Healthcare Billing Fraud–Office of the Inspector General HHS-OIG Is Finding “Organized Crime” With Some Crimin
Posted Apr 09 2012 6:26pm
The days of going in and finding a lone provider doing a little up-coding are starting to go away as many of those are easily found and now we have the offices that have guns and more to protect their “up-coding” millionaire businesses. HHS has done some good work in creating their “Most Wanted” list which again fits right in with this story and the “organized” efforts that occur with fraud.
The video below shows how they are prepared for the bust and are practicing with guns ahead of the confrontation. The government is now using technology with formulas to identify patterns which they did not have before and this is a huge help to point HHS OIG in the right direction.
In addition with use of such software then can also identify situations like this…and get the money in sooner from insurers.
Back on track here you can see how this is becoming a big business and the crooks feed on the web to find doctors credentials and NPI numbers to bill to as well. Criminals do a better job as many don’t practice healthcare, they just bill fraudulently.
Anyway, the video is a good look at how fraud is beginning to shape into the world of “organized crime” and some of the battles are fought exactly in that style. The above link has a couple additional videos of interest on the same topic to include an interview with one who was caught and talked about how he functioned. In the meantime we seem to keep chasing the hospitals for a lot of the “billing mistakes” made by consulting companies who promise a bigger percentage return and you have to wonder there as well about the software and the consultants. It’s usually not the clinical help as they are there to take care of patients but rather the administrative areas that are responsible for the administration and costs who find their way into some of these snags. BD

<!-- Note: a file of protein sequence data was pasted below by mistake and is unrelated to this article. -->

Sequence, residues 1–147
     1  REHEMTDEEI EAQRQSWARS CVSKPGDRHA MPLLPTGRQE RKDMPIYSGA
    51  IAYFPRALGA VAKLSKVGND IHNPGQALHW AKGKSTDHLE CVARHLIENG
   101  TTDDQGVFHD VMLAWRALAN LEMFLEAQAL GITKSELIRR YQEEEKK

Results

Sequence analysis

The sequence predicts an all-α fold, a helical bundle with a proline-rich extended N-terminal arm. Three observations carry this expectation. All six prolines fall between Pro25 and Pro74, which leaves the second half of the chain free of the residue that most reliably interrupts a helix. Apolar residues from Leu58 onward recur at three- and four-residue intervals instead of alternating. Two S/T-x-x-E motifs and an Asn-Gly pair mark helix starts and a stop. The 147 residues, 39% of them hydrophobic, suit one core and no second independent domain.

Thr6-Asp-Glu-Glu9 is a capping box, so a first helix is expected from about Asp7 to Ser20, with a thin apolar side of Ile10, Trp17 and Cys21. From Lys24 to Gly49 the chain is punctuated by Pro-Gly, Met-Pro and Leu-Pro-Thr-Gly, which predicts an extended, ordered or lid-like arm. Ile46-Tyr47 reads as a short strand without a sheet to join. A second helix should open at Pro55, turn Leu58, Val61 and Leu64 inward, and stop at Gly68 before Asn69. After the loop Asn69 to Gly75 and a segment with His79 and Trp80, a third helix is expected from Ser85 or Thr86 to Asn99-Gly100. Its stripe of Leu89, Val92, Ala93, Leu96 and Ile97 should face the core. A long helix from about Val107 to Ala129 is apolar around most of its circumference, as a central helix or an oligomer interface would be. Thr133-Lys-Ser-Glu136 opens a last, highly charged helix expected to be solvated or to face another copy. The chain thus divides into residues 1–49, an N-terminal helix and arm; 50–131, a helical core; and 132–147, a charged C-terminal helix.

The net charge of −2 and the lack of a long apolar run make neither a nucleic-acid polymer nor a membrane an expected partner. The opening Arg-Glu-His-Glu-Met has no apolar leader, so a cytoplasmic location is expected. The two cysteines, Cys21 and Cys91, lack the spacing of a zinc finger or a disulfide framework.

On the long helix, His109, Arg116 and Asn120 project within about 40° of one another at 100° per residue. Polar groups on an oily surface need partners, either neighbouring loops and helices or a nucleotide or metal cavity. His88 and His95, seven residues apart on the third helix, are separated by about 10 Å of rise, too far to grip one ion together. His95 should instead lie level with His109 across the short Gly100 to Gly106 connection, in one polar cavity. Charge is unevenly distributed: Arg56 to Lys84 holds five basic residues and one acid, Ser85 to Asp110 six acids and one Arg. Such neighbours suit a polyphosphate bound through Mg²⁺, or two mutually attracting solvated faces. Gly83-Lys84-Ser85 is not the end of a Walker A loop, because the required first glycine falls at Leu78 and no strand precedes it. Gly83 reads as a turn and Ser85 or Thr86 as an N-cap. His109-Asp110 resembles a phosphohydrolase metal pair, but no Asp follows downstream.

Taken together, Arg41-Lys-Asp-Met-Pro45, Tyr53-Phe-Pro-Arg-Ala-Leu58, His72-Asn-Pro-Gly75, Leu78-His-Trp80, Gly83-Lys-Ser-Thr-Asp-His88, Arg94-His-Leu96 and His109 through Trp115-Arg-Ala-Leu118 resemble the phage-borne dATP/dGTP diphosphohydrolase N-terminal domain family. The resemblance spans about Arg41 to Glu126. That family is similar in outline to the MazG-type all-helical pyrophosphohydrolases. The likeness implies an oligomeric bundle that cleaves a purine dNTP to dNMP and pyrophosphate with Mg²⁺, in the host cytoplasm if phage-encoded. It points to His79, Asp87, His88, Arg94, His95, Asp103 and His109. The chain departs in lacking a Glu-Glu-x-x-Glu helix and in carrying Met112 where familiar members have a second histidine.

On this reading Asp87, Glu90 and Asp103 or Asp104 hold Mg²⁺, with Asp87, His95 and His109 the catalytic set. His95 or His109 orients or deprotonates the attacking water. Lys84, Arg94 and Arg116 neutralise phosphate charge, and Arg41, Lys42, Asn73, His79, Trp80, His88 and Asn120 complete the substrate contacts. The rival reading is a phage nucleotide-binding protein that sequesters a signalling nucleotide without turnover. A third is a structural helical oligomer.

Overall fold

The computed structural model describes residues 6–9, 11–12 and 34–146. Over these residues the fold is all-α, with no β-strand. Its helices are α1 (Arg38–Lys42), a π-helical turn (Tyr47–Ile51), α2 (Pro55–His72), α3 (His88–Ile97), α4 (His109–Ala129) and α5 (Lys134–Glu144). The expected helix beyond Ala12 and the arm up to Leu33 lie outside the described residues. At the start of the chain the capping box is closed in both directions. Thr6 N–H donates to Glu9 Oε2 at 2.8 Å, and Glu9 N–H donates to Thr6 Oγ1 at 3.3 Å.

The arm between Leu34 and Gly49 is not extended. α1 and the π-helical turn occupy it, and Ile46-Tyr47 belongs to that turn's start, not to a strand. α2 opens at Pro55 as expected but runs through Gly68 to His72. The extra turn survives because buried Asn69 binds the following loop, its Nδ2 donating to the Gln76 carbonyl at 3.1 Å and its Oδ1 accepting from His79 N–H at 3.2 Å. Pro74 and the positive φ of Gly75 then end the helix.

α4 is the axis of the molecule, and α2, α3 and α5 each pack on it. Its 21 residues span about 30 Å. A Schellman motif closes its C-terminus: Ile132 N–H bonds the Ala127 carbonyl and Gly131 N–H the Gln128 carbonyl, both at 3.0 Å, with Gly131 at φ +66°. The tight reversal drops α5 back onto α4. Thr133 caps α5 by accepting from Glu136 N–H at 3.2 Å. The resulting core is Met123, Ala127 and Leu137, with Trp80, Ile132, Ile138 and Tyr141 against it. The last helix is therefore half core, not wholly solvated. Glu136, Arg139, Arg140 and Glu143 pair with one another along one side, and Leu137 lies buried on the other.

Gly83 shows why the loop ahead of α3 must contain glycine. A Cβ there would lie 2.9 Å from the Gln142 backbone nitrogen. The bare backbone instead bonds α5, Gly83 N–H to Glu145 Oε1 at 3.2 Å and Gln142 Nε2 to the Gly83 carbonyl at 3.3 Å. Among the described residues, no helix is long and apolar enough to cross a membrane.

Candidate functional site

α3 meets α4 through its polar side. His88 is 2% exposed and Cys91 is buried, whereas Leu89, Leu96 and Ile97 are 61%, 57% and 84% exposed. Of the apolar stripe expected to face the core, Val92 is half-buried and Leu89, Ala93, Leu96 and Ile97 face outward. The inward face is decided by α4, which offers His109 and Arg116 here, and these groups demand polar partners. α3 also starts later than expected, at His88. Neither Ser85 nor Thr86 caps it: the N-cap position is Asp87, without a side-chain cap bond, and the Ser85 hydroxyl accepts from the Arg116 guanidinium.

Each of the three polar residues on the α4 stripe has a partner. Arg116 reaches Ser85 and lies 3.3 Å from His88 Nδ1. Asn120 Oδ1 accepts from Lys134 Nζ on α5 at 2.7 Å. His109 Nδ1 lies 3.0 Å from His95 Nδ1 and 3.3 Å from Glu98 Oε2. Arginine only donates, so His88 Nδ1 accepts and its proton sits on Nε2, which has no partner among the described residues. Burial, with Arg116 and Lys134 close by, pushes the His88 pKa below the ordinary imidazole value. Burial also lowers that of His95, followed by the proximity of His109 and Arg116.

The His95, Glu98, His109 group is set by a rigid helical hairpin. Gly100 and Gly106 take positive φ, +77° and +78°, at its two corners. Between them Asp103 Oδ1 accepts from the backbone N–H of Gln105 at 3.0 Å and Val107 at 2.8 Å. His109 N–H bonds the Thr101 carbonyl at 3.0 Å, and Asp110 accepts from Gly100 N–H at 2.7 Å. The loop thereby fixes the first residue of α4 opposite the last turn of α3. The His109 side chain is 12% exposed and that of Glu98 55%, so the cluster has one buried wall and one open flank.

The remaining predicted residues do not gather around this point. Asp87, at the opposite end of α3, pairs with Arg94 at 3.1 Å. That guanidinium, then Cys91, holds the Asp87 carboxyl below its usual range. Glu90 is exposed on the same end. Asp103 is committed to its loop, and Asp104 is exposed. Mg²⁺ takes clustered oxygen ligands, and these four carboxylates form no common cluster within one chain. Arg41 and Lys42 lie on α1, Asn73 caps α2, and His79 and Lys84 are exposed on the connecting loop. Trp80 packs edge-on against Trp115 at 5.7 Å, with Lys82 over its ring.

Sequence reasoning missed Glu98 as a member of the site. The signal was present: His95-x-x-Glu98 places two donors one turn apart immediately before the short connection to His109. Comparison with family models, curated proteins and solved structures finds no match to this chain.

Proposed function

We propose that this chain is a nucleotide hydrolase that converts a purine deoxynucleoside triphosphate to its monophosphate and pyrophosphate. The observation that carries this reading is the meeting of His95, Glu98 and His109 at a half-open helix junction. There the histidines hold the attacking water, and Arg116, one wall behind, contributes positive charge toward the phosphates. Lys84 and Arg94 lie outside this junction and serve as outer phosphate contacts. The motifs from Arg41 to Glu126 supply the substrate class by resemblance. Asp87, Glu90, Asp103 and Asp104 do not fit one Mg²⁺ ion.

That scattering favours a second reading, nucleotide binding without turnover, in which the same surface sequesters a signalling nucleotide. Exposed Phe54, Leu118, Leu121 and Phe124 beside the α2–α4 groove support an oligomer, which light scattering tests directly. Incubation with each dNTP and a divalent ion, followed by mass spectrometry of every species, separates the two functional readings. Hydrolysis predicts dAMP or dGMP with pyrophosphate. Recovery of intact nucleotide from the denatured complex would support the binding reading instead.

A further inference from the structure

It is one of the biggest and most overlooked factors in the rising cost of health care. According to government estimates, fraud in programs like Medicare and Medicaid costs taxpayers $80 billion a year, with some estimates as high as twice that amount.
A federal fraud crackdown, some of it mandated by the Affordable Care Act, has made a dent in the problem, but the record $4.1 billion recovered in 2011 is a small fraction of the total.
Every procedure and diagnosis has a billing code. The codes are used not only for billing Medicare and Medicaid, but in many private insurance programs as well. There are already thousands of codes, used in increasingly sophisticated data analysis by authorities seeking to spot fraud.
One such business is operated by Dr. Adam Alpers, an osteopathic physician in Ocala, FL. Alpers created a video series called "Medical Coding Cash Secrets," which he sells on his web site.